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The Biden administration recently determined that it has the right to seize patents covering certain high-priced medicines, in an apparent effort to take a more aggressive approach to lowering drug prices. See Targeting costly meds, Biden admin asserts authority to seize certain drug patents – POLITICO. Pursuant to this plan, the Commerce Department announced it plans to issue a framework that lists the factors the government should consider in determining whether to seize drug patents. Id. The department will seek public feedback and comment on the framework. Id.

Drug companies who may be at risk of having their patents seized should be aware that they have the right to sue the government for patent infringement in such an event. Pursuant to 28 U.S.C. § 1498, the government has the right to “take” privately held patents. Unlike in cases involving infringement by private entities, patentees do not have the right to enjoin the federal government from making or using their claimed inventions. 28 U.S.C. § 1498. However, § 1498 also strips the government of sovereign immunity, allowing patent owners to sue the government for uncompensated patent infringement. Zoltek Corp. v. United States, 672 F.3d 1309, 1319 (Fed. Cir. 2012) (“§ 1498(a) waives the Government’s sovereign immunity from suit when (1) an invention claimed in a United States patent; (2) is ‘used or manufactured by or for the United States,’ meaning each limitation is present in the accused product or process; and (3) the United States has no license or would be liable for direct infringement of the patent right for such use or manufacture if the United States was a private party”). Under § 1498, patent owners have the right to obtain “reasonable and entire” compensation from the government for unauthorized patent use. Patent owners must bring cases against the government for uncompensated patent use in the United States Court of Federal Claims, and there is no right to a jury trial. 28 U.S.C. § 1498; 28 U.S.C. § 174(a).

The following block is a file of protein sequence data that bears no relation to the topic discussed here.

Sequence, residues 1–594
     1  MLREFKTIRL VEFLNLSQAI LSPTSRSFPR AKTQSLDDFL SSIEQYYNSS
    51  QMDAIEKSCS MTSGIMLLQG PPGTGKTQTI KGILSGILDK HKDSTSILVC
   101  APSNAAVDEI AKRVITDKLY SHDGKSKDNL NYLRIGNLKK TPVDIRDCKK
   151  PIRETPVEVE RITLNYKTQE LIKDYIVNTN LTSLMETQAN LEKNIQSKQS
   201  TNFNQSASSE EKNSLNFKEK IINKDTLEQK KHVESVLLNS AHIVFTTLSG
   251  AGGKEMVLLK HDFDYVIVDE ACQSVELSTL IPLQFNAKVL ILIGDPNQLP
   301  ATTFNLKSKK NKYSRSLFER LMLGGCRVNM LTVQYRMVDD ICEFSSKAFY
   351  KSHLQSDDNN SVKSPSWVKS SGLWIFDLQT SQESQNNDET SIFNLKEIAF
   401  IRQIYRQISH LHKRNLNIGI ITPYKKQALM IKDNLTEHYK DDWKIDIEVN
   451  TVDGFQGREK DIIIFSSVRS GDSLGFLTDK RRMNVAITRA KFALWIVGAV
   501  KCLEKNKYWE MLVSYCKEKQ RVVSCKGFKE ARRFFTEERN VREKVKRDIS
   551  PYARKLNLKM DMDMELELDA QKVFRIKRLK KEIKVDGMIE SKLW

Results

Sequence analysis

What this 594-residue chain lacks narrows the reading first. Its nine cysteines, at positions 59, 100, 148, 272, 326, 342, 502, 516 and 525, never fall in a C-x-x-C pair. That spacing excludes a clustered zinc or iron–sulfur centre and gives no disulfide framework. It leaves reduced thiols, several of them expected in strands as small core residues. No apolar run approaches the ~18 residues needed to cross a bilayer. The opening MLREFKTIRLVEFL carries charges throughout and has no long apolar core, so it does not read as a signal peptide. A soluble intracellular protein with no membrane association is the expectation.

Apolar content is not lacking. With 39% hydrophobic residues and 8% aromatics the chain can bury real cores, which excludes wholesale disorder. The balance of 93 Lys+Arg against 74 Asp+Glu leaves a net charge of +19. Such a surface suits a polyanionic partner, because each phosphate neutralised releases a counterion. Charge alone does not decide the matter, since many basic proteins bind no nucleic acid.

In determining “reasonable and entire compensation,” the Court of Federal Claims generally determines a reasonable royalty rate “by constructing a hypothetical negotiation between a willing licensor and licensee using factors spelled out in Georgia Pacific.SecurityPoint Holdings, Inc. v. United States, 156 Fed. Cl. 750, 777 (Fed. Cl. 2021) (citing Georgia Pacific Corp. v. U.S. Plywood Corp., 318 F. Supp. 1116, 1120 (S.D.N.Y. 1970), modified and aff’d, 446 F.2d 295 (2d Cir. 1971)); see also Rite-Hite Corp. v. Kelley Co., 56 F.3d 1538, 1544 (Fed. Cir. 1995) (en banc) (citing Hanson v. Alpine Valley Ski Area, Inc., 718 F.2d 1075, 1078 (Fed. Cir. 1983)). “Plaintiff bears the burden of proof.” SecurityPoint, 156 Fed. Cl. at 777. The Georgia Pacific case provides “a list of evidentiary factors relevant to the determination of the amount of a reasonable royalty for a patent license.” Id. “The parties are not required to address all the factors because there is no formula by which these factors can be rated precisely in the order of their relative importance or by which their economic significance can be automatically transduced into their pecuniary equivalent.” Id. at 781-82.

While not a pharmaceutical case, in the SecurityPoint case the Court of Federal Claims set forth the above framework for determining a reasonable royalty rate. In that case, the asserted patent claimed a method of using carts to manage and move trays at security screening checkpoints at airports. SecurityPoint,156 Fed. Cl. at 753-54. After determining the patent is valid and infringed by the government, the court considered the following Georgia-Pacific factors in determining a royalty rate: 

1. the current, established royalty rates under the patent at issue;

2. the royalty rates for comparable technology;

7. the duration of patent and license terms;

8. the profitability and commercial success of the invention;

9. the utility and advantages of the invention over prior art;

10. the nature, character, and benefits of use;

11. the extent and value of infringing use;

13. the portion of realizable profits creditable to the invention alone;

14. expert testimony on royalty rates; and

15. the totality of other intangibles impacting a hypothetical negotiation between a willing licensor and licensee.

Id. at 782. After considering these factors, the court determined that SecurityPoint and the government would have agreed to a two cents per passenger royalty rate. Id. at 791. When this rate was applied to the appropriate royalty base, the court found base damages in the amount of more than $103 million. Id. at 793-94. The court also held SecurityPoint is entitled to delay damages, making this case one of the largest, if not the largest, patent infringement damages awards against the United States of America. Id. at 794-95. And SecurityPoint is also entitled to its attorneys’ fees under the statute because of its size and the length of time the case has been pending. 28 U.S.C. § 1498. 

Pharmaceutical companies who are concerned their patents may be taken should consider the following:

  1. monitor the Commerce Department’s announcement of the factors the government may consider in determining whether to seize drug patents;
  2. provide commentary on the list of factors; and
  3. retain counsel experienced in both pharmaceutical patent litigation and § 1498 cases.